Deliver the Vote: A History of Election Fraud, an American Political Tradition-1742-2004

Tracy Campbell

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Deliver the Vote: A History of Election Fraud, an American Political Tradition-1742-2004

Deliver the Vote A History of Election Fraud an American Political Tradition If elections are the lifeblood of democracy then the United States is a sorely ailing body politic From ballot stuffing and intimidating voters to suppressing turnout buying votes and manipulating

  • Title: Deliver the Vote: A History of Election Fraud, an American Political Tradition-1742-2004
  • Author: Tracy Campbell
  • ISBN: 9780786718436
  • Page: 228
  • Format: Paperback
  • If elections are the lifeblood of democracy, then the United States is a sorely ailing body politic From ballot stuffing and intimidating voters to suppressing turnout, buying votes, and manipulating returns, Deliver the Vote is an intensive examination of the corrupt underbelly of American politics Drawing on records of hundreds of elections from the pre colonial era thIf elections are the lifeblood of democracy, then the United States is a sorely ailing body politic From ballot stuffing and intimidating voters to suppressing turnout, buying votes, and manipulating returns, Deliver the Vote is an intensive examination of the corrupt underbelly of American politics Drawing on records of hundreds of elections from the pre colonial era through the 2004 election, historian Tracy Campbell reveals how a persistent culture of corruption has long thrived in local, state, and national elections Among the public figures whose stories are central to his chronicle are Boss Tweed, William Randolph Hearst, Huey Long, Harry Truman, Lyndon Johnson, Jimmy Carter, and George W Bush, as well as countless local and state politicians of all parties Our elections are often held up as the model for the world s budding democracies to emulate But after two of the most bitterly contested presidential elections in American history, this book shows how our democratic house has never been in proper order Using a candid appraisal of our history as a guide, Deliver the Vote offers some surprising suggestions for a demoralized electorate to reclaim its democratic birthright.

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      Posted by:Tracy Campbell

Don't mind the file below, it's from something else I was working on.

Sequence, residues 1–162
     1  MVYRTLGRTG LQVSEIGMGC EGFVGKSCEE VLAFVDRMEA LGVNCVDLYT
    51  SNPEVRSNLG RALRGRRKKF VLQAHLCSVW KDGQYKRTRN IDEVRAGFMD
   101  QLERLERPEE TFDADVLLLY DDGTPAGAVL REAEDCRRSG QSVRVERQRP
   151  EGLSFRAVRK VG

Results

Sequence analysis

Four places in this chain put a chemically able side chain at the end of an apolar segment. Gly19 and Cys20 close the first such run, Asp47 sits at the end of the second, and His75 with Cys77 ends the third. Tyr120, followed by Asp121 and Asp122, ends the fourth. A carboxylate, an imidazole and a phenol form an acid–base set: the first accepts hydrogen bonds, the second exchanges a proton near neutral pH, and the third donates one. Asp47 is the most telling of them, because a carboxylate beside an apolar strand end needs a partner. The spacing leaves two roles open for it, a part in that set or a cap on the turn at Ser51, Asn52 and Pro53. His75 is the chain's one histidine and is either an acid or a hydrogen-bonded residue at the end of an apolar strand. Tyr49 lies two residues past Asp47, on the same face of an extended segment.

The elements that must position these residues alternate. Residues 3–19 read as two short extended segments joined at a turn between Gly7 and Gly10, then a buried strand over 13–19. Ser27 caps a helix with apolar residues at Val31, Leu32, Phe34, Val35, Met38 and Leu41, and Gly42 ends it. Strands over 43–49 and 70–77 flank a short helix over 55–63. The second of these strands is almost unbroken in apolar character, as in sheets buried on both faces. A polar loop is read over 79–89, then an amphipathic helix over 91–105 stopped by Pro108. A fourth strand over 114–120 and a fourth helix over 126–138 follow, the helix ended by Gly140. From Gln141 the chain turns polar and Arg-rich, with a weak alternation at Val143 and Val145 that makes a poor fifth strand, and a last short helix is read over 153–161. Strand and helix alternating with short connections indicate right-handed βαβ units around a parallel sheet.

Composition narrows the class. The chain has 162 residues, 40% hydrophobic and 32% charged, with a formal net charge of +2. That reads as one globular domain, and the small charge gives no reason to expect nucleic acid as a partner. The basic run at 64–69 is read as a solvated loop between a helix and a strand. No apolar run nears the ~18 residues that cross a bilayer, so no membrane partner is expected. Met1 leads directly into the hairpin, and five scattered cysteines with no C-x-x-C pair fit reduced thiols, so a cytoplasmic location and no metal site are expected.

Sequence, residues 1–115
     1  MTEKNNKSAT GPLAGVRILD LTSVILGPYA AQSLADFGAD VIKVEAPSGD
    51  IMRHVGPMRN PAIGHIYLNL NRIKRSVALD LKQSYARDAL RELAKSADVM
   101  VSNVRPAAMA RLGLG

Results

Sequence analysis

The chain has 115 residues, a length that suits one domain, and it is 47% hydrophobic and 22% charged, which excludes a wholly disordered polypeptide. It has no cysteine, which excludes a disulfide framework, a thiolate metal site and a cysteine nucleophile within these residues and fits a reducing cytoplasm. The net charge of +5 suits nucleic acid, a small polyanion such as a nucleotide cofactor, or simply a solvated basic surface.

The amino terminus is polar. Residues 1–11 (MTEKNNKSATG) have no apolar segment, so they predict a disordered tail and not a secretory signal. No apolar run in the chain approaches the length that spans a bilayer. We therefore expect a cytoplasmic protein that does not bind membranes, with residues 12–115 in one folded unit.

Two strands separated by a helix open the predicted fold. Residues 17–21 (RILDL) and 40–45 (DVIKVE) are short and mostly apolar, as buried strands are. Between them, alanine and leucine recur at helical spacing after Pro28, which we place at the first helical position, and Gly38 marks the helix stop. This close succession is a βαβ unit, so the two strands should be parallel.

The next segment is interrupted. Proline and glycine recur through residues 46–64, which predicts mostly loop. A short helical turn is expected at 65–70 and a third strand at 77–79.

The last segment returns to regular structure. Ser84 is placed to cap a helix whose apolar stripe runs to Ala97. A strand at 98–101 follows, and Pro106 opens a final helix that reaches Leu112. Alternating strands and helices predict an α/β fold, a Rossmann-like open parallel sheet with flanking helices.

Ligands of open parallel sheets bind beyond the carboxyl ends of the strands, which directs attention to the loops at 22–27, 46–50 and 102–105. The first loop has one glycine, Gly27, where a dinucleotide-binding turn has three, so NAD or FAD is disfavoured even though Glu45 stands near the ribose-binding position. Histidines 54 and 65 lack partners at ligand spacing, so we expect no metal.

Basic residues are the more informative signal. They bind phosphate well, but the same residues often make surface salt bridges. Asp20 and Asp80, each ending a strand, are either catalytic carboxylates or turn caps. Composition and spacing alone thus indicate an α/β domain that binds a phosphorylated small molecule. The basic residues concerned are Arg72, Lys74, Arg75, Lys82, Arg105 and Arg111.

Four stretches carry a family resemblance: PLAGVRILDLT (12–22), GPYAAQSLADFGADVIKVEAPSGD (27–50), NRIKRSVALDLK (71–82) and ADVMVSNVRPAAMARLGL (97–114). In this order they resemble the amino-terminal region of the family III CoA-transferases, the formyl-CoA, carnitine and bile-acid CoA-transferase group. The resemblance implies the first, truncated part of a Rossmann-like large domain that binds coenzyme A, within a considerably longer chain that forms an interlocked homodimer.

Published :2019-01-24T09:44:52+00:00

    One thought on “Deliver the Vote: A History of Election Fraud, an American Political Tradition-1742-2004

    1. Charlene Mathe on said:

      Very readable; an excellent digest of the our national election vulnerabilities to corruption and hijacking. Pops the image of our representative government; yet . this is the best there is. Let's work on it! As Hugh Hewitt says in his book, "If It's Not Close, They Can't Cheat."

    2. Marcella on said:

      This was basically a laundry lists of stories and flavors of voter fraud and suppression. It was pretty hard to finish, mostly because I got sad every time I picked it up.

    3. Michael on said:

      This is a great book for those, like me, who feel they’re essentially aiding and abetting one miserable, bought-and-sold candidate over another when coerced into voting by friends and family. Despite the revelations of 2000, I never thought to utilize vote fraud in my attempts to sleep in on Super Tuesday. Now I know better. Chock-full of stories revolving around vote buying, ballot box thievery, and complimentary whisky, many of Campbell’s examples logically take place in locales where vote [...]

    4. Josh Hamacher on said:

      This book wasn't quite what I expected. I was expecting something a little more academic; this was very much a "pop sci" book.This book had a couple major faults:- The author consistently used terms without defining what they meant.- After the first few chapters the book becomes quite repetitive. "In year X the major election between A and B was decided due to factors Y and Z, coordinated by the local political system led by C." Flesh that out to a page or two and you have 90% of the content of [...]

    5. Jackie on said:

      The value of this book is not in how well it is written or formatted, it is in the information it shares. I will never look at elections the same way, and understand better why each party has so much distrust of the other. The history of fraud, intimidation, violence, etc is staggering. I found the book to be repetitive in its style, with the author chronicling one incident after another. This led to a longer read time for me, as it became tedious. Still, worth the read for those interested in o [...]

    6. Steven Tomcavage on said:

      As is the tendency with social science books, this book closely examines case after case after case of voter fraud in the history of the USA. It was interesting to see how far back the phenomenon went, but after a while the endless list of frauds became too monotonous. I had to read this for a class, otherwise I'm sure I would have put it down after the first few chapters when I got the gist of the book.

    7. Yann on said:

      Interesting anecdotes about election fraud, but the author does a terrible job of making a cultural argument about a supposed culture of corruption in American politics.

    8. Cath Holden on said:

      Fantastic read on the truth of American voting. It's always been corrupt

    9. Mike on said:

      An interesting look back at how election integrity has changed over America's history.

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